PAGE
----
A. Agree with the child on what the new deal will be. This may involve some training if the issue involves something like cooking, laundry, homework, bedtime, or money management.
B. Let go and see what happens. This is the hard part. Some parents feel anxious; some, guilty. Some want to scream as they watch their offspring fumble around for a while.
C. Parents may not use tactics that have been proven not to work. These include parental behavior such as nagging, yelling, or arguing; corrective comments; and doing the job for the child. No responsibility will switch from you to a child if you talk or act like that!
D. Thoughtful follow-up. While the child is finding her own way, parents can praise legitimate progress, but they may not criticize or provide direction. Periodic family meetings are helpful for discussion and monitoring progress. But parental criticism or direction in between meetings is the same as saying “I still have to be in charge here and you’re still a dimwit!”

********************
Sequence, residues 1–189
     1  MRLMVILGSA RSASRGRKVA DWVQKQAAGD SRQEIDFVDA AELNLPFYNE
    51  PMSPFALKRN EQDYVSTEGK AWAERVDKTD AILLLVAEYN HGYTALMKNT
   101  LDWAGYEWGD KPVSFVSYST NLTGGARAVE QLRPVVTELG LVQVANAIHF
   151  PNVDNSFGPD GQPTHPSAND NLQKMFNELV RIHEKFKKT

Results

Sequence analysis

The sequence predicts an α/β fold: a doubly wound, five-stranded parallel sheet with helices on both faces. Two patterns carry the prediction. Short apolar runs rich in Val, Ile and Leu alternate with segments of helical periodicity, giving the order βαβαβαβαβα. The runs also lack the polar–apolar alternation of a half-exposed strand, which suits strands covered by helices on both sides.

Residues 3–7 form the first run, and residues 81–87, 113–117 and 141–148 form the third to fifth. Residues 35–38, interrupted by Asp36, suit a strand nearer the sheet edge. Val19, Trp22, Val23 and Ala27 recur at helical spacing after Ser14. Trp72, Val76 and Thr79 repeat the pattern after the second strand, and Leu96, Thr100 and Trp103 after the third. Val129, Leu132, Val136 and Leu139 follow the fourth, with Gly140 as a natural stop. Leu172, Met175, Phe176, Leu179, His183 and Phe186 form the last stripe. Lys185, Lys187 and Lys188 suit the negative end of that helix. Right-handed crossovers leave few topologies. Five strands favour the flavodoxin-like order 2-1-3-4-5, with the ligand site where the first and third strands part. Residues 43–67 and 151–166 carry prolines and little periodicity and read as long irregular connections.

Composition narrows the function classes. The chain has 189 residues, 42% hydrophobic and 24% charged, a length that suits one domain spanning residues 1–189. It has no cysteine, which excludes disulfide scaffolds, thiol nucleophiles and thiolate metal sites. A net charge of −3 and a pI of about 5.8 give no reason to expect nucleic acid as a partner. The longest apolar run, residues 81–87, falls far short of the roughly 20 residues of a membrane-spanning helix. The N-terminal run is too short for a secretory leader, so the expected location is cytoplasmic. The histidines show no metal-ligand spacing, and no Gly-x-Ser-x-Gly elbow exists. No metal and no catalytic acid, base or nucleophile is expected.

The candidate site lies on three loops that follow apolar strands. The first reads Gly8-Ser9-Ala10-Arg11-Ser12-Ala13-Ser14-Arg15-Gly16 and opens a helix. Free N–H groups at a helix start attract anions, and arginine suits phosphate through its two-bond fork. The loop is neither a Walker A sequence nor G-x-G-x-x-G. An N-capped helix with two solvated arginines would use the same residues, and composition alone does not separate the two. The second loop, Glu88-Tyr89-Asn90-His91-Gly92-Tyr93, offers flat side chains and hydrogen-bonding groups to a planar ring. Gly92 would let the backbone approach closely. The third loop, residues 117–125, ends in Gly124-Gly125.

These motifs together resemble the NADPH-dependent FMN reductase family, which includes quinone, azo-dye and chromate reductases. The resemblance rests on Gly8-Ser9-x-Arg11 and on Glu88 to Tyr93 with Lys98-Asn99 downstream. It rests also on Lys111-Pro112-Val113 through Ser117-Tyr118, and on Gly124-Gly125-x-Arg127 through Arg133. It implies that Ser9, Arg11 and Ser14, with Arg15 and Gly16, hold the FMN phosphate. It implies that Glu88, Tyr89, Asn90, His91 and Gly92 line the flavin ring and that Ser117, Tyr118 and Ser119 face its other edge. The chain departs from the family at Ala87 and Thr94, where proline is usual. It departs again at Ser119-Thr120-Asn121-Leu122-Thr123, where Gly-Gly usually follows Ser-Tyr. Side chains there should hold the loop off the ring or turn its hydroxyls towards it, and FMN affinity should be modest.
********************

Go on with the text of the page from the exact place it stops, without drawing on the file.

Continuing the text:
Here are a few examples using our A-B-C-D format:
1. Can a seven-year-old do his own laundry? Dad and Mom agree that Mom shouldn’t have to do everyone’s laundry. From that point on, Dad will not only wash his own clothes, but he will train his son on how to do his own wash. Except for praise, Mom has to keep quiet! She can only provide feedback at weekly family meetings. Family bonding effect? Excellent. Effect on the child’s independence? Great. He loves running the washer and dryer and is proud of himself. Equal Suffering Law? Two fewer violations to worry about!